Movie 2017 Year in Review: More superheroes, more sequels, and more blockbusters (but we’re not complaining)

At a glance, 2017 was more of the same in the world of movies. We had more superhero films, more sequels, reboots, and spin-offs, and more massive blockbusters. But if you take the time to look a little closer, you’ll see that, actually, this year redefined what a superhero movie is, proved that not all franchises can live forever, and - while we’re definitely living in a golden age of blockbuster filmmaking - there’s still room for smaller, surprise hits.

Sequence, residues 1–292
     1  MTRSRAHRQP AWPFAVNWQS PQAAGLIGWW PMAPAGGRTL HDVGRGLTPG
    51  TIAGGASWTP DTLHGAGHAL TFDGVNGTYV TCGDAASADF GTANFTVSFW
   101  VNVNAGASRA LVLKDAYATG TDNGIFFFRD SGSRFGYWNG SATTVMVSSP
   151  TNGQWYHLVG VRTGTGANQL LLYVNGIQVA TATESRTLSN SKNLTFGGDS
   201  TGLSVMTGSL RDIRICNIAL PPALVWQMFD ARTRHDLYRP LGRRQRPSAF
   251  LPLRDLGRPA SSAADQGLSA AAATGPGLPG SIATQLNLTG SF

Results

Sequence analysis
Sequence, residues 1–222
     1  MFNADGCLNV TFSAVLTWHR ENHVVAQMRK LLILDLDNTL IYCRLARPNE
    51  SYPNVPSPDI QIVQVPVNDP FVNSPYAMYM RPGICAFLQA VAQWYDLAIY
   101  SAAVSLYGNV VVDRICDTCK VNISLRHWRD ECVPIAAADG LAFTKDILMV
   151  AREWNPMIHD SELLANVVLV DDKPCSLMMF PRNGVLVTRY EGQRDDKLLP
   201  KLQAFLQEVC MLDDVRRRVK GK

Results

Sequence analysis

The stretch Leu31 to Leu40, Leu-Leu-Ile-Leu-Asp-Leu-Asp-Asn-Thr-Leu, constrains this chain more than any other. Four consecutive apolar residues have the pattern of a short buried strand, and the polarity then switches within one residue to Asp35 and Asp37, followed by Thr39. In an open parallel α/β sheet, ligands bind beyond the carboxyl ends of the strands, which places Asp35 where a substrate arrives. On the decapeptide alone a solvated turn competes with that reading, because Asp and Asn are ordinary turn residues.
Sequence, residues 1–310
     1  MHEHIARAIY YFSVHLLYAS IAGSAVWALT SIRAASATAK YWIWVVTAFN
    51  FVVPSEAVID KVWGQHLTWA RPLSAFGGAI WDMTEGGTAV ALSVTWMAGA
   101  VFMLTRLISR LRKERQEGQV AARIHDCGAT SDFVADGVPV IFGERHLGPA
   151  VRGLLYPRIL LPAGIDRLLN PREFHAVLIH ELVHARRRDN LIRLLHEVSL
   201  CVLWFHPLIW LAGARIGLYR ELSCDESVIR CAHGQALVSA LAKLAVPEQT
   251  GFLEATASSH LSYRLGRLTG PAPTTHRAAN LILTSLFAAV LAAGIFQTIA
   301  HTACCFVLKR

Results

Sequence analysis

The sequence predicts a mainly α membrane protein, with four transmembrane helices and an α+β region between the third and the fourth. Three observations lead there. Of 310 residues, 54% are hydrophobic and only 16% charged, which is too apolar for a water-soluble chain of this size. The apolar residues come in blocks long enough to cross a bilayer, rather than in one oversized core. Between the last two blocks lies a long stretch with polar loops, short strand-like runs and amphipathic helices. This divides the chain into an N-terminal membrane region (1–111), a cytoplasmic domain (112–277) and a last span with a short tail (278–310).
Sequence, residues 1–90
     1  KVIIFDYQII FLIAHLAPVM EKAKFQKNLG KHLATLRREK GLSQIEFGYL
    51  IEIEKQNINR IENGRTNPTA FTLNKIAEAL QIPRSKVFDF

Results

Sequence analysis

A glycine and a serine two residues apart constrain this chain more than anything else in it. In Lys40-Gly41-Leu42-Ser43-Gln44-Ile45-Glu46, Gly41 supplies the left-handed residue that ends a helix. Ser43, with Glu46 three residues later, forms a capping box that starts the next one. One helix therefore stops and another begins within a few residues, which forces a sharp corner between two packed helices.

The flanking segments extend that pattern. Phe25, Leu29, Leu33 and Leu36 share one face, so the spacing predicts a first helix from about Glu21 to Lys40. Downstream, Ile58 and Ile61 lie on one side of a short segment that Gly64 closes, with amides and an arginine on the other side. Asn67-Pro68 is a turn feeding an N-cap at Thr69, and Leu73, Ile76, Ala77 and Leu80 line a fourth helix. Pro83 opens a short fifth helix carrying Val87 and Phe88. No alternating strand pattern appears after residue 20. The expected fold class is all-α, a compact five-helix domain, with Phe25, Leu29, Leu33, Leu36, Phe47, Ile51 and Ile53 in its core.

Let’s start with the biggies. Star Wars. Need I say more? It might have released right at the end of the year, but there’s no getting around the fact that The Last Jedi was one of the biggest movies of the year. It’s also pretty divisive, but as Total Film magazine’s Editor, Jane Crowther, says: “Love or loathe, The Last Jedi was event cinema at its best.” While some fans proclaimed it was the perfect balance between fan-pleasing moments and new material which pushes the franchise further, others had serious problems with its tone and how it will fit within the trilogy. “I really enjoyed The Last Jedi. It had higher highs than The Force Awakens, but lower lows, too, so I ultimately preferred Episode 8,” says PC Gamer’s UK Editor-in-Chief, Sam Roberts. “I can also see why it might divide people, even if I think some of the criticisms are exaggerated.” One thing’s for sure, director Rian Johnson definitely didn’t let The Force Awakens dictate his story and The Last Jedi is all the better for it. “It's only worth bringing these old characters back if there's something new to say about them, and Johnson found a way to do that authentically,” agrees Roberts.